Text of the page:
To establish liability it must be proved that Celestine made an effective entry into the building as a trespasser with intent to steal. Celestine has fulfilled each of these requirements which constitute the actus reus and mens rea of burglary leaving Celestine liable for such an offence. Celestine may also be liable for an offence of trespassing with intent to commit a sexual offence contrary to Section 63 of the Sexual Offences Act 200326 which makes it an offence for anyone to intend to commit a sexual offence whilst on premises whereby he is a trespasser27.
It has already been established that Celestine entered a house as a trespasser with intent to commit a sexual offence. Therefore Celestine may also be liable under Section 1 of the Sexual Offences Act 200328 for rape which makes it an offence for a person to intentionally penetrate another without their consent29. Celestine has had sexual intercourse with Kim and although she offered no resistance this would not constitute consent on her behalf. This was decided in Olugboja 198230. Following this Celestine would be liable for rape under Section 1 of the Sexual Offences Act 200331.
Celestine may also be liable as a secondary offender to the murder. In order to establish liability as a secondary party it must be proved following Bainbridge 196032 and Maxwell 197833 that Celestine had knowledge of the type of crime that was committed34 and was one within his contemplation35. It is relatively clear Celestine had no knowledge or contemplation of either murder being committed as it was part of the joint enterprise that no weapons or violence would be used and could therefore not be held liable for either murder.
Another person involved is Shay however he is not directly part of the joint enterprise, he has been approached by Alan who demanded the return of ladders. Due to this Shay may be liable as a secondary offender to a range of offences. He has provided equipment for Alan to use in a burglary and has knowledge of the type of crime which may be committed. Therefore following Bainbridge 196036 Shay could be held liable for aiding burglary. However Shay has simply returned equipment which belongs to Alan and following Lomas 191337 cannot be regarded as a secondary party for this.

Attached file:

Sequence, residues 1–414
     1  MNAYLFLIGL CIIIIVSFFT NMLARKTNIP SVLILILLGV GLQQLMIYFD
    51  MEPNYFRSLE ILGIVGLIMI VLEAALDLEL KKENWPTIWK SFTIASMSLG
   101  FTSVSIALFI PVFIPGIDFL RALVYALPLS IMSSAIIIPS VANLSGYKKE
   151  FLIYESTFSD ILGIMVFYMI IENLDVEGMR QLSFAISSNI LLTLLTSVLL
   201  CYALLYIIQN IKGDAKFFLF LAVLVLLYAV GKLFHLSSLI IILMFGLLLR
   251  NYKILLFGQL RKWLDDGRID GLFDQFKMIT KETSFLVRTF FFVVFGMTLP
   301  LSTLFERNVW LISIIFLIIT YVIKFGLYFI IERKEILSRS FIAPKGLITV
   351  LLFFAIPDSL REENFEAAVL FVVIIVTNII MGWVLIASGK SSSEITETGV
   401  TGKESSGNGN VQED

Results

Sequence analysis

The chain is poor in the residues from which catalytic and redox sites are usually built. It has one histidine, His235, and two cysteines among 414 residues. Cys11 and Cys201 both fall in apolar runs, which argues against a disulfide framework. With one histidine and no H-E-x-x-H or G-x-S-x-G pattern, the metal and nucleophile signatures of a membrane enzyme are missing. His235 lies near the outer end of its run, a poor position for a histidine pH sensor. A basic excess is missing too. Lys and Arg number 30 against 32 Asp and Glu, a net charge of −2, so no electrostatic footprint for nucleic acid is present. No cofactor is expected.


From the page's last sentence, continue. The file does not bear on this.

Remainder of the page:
However Shay has not returned the equipment of his own accord, he has been approached by Alan who has demanded their return and by returning the equipment has aided burglary. Following Maxwell 197838 Shay also suspects that Alan needs the equipment for a burglary as he is aware of Alan's previous convictions. This constitutes the mens rea for aiding and abetting burglary which Shay would be liable for. Due to this Shay may also be liable as a secondary party to murder and rape. By supplying equipment which allowed Titus and Celestine to enter the house then the murders and rape would not have occurred.
Therefore it could be held that supplying the equipment aided murder and rape. However following Bainbridge 196039 and Maxwell 197840, Shay possessed no knowledge of either crimes and only contemplated burglary. Due to a lack of mens rea Shay would not be held liable as a secondary party to murder or rape. This leaves Shay liable as a secondary offender to burglary. However there may be a defence open to Shay. Shay was approached by Alan who demanded the return of the ladders and if they weren't returned straight away he would seriously injure Shay's daughter.
Shay was threatened with violence unless he returned the ladders and so may be able to plead a defence of duress by threats. This defence was described by Lord Wilberforce in Northern Ireland v Lynch 197541 as an act completed by the victim who knows that he is doing is wrong, but the addition of duress prevents the law from treating his act as a crime42. If this defence is successful then Shay can escape liability43. It was established in Hudson and Taylor 197144 that the threat must be of death or serious injury45.
Here Shay is threatened with serious harm against his daughter. This would be sufficient as Rose LJ stated in Abdul-Husain and Others 199946 that 'imminent peril of death or serious injury to the defendant or someone he has responsibility for47, would suffice. The threat is against Shay's daughter who Shay has responsibility for. It was also decided in Cole 199448 that duress by threats is only available where a specific crime was nominated49. Although Alan did not nominate a crime to commit he demanded the return of equipment which would aid the burglary.
As Shay complied the defence should be allowed. To establish whether this defence would be successful, it must be asked whether the defendant acted the way he did because he reasonably believed the threat to be true, and whether a reasonable person with the same characteristics would have responded in the same way50. In these circumstances duress would more than likely be allowed and be successful as Shay's actions were a direct result of the threats from Alan. This would therefore allow Shay to escape liability as a secondary party for burglary.